The Sacred Heart Chapel bells toll, a light grey hearse pulls up, parking in front.

Nineteen cars, some with bright green FUNERAL tags placed on the center rearview mirrors are cloistered in one spot,
as if hoping for more attendees.

But no more cars come.

The house under construction next door to the small outdoor garden shrine to Mary,
Our Lady of Perpetual Help,
stops the usual all day banter of happy workers in grimy T-shirts, work pants, boots and baseball caps.
The men stop their electric saws and hammering, wandering around the work site,
as if each is lost in thoughts about death.

I know them by the trucks they drive, the names they call each other, the tattoos on hot, shirtless days,
the music they blast after lunch, to get through the rest of the day.

The funeral is over in less than one hour.

A small number of cars follow the hearse and the deceased up the street, passing by me on my front porch drinking coffee, still in a nightgown.

Since there are five cemeteries within walking distance that I'm well acquainted with, I am pretty certain where they are headed.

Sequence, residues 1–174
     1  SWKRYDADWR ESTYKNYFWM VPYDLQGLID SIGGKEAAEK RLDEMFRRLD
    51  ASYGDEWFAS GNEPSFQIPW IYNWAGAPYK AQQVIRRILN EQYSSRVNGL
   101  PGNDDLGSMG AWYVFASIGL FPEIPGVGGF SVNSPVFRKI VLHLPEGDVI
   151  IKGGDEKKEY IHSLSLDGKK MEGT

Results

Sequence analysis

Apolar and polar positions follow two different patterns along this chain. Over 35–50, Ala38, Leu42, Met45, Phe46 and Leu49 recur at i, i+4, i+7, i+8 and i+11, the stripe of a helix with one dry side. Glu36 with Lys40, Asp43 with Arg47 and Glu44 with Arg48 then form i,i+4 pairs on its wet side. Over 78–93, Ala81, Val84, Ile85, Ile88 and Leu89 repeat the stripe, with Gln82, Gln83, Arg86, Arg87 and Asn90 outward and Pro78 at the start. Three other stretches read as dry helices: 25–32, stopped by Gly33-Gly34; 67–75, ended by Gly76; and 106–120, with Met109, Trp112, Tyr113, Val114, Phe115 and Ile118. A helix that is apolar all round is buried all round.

Finding myself thinking of the recent funeral of my sister-in-law's husband, giving the eulogy at my father's funeral,
and coming home from vacation to learn of two old friends who passed away while we were on vacation,
I am like the work men, lost in thoughts about death until a stray tune floats through,

..."oh yeah, life goes on...long after the thrill of livin' is gone..."

The house phone rings, one a friend, one a telemarketer.
I have to take 4 capsules of amoxicillin 500mg one hour prior to a dental check-up, so I don't get bacterial endocarditis.

... "oh yeah, life goes on...long after the thrill of livin' is gone..."

Jack and Diane lyrics by John Mellencamp

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